Two tips to avoid new telephone scams

TTwo tips to avoid new telephone scams

The new year presents new challenges and opportunities for everyone. While you may or may not have created a resolution list to tackle in the coming months, some individuals may have already added stealing your money on their to-do list. Two tips to avoid new telephone scams

Scammers have sharpened their skills in 2017, and they’re ready to deploy their enhanced knowledge in 2018 using proven techniques, including jury duty scams and first responder scams.

In a jury duty scam, a caller telephones to let you know you’ve missed your appointment for jury service. You are told you must pay a fine or face jail time. The caller sounds both professional and convincing. She might use the name of a real officer, the address of the local courthouse, case numbers, and a host of other official-sounding language. This person sounds intimidating and will threaten you to make you afraid.

Fear is a powerful motivator, and it’s one scammers know well. Scammers will induce fear in their targets and demand a single action to make it disappear – give them money. Don’t fall for it.

Law enforcement or court officials won’t call you to demand money for missed jury service. If you receive a call demanding money for a missed jury service, hang up the phone immediately. The person who called you is a scammer trying to fool you into sending your hard-earned money.

Another popular telephone scam tugs on emotions on the opposite end of the spectrum.

Joy is a powerful motivator, and those people who give generously to others receive joy in exchange for their kind acts. In 2017, scammers took advantage of this desire for joy by posing as local first responders and asked for donations to help them help others. These fraudsters will likely deploy this and similar scams in 2018.

Targets who receive a call from a firefighter or police officer asking for financial help to support the community may want to open their wallets and pitch in, but the only cause the generous person helps with the donation is to enrich the lives of fraudsters.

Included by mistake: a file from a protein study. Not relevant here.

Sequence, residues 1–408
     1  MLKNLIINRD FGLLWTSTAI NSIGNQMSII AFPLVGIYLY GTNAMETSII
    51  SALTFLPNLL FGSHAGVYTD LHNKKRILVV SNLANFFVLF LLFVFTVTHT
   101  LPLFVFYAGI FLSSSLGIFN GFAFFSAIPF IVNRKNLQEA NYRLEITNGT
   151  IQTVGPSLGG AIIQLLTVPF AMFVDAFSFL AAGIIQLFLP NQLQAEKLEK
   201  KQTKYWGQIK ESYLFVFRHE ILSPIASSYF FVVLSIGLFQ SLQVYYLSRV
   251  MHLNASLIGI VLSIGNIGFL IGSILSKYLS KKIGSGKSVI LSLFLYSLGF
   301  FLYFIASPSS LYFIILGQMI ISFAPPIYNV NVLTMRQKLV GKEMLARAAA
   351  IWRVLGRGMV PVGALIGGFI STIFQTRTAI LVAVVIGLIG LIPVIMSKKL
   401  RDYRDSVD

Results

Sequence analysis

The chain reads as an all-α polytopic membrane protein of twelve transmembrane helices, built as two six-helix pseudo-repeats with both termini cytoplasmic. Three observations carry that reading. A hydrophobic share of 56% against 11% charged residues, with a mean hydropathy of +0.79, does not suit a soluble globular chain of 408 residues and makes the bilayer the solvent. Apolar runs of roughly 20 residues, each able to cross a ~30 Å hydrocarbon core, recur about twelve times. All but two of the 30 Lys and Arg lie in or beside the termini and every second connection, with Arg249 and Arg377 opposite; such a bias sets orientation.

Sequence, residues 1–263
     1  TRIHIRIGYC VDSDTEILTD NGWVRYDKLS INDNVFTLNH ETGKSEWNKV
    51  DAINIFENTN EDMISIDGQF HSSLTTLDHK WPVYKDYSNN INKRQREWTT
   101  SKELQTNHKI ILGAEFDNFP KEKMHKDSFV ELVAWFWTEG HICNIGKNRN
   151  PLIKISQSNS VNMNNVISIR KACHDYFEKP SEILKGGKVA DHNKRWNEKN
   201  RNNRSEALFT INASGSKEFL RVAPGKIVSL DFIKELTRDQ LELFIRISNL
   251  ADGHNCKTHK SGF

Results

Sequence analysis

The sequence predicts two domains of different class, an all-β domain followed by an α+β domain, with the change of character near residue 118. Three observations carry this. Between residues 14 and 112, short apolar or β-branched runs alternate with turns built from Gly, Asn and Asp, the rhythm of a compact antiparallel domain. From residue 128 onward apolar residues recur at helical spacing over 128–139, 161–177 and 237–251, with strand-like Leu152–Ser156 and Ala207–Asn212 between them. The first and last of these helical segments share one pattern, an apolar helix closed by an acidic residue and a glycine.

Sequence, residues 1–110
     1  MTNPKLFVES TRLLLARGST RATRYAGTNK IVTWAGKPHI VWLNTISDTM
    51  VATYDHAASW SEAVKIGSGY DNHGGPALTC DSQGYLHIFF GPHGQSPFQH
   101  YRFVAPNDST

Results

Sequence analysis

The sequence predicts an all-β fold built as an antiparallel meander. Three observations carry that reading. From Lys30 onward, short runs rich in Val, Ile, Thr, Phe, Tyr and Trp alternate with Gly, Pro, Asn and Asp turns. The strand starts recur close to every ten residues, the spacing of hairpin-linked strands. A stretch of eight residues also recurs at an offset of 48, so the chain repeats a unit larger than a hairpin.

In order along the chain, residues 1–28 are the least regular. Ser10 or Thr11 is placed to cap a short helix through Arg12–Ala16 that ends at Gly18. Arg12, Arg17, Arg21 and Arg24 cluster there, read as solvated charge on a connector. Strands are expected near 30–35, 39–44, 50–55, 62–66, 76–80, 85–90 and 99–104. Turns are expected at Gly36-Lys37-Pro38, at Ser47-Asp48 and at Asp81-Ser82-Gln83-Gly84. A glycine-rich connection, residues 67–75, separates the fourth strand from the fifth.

Unless you know the person calling you, it’s impossible to tell if he is speaking the truth about his identity. Your best course of action when a stranger calls asking for a donation is to say, “I appreciate the call and I’ll consider it later. Thank you.” If the person continues the call with pressure for you to donate, say, “thank you,” and hang up. The longer a fraudster keeps you on the phone, the greater the chance he’ll eventually convince you to give him money. Get off the phone as quickly as possible to prevent that from happening.

A good way to enjoy 2018 is to keep your hard-earned money out of the hands of scammers. Learn how to recognize a telephone scam so you can easily avoid them and you’re well on your way to having a great new year. Two tips to avoid new telephone scams

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Two tips to avoid new telephone scams

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about the author

Rod Spurgeon

Rod Spurgeon is a professional writer, editor, and photographer. He writes a weekly column at ownyourdefense.net, is a content contributor at senior.com, and is the author of several science fiction novels and novellas.
 
He holds a Bachelor of Science degree in Global Business from Arizona State University and a Master of Business Administration degree from the University of Phoenix, and also received an Honorable Mention from PR News Daily’s 2015 Nonprofit PR Awards.
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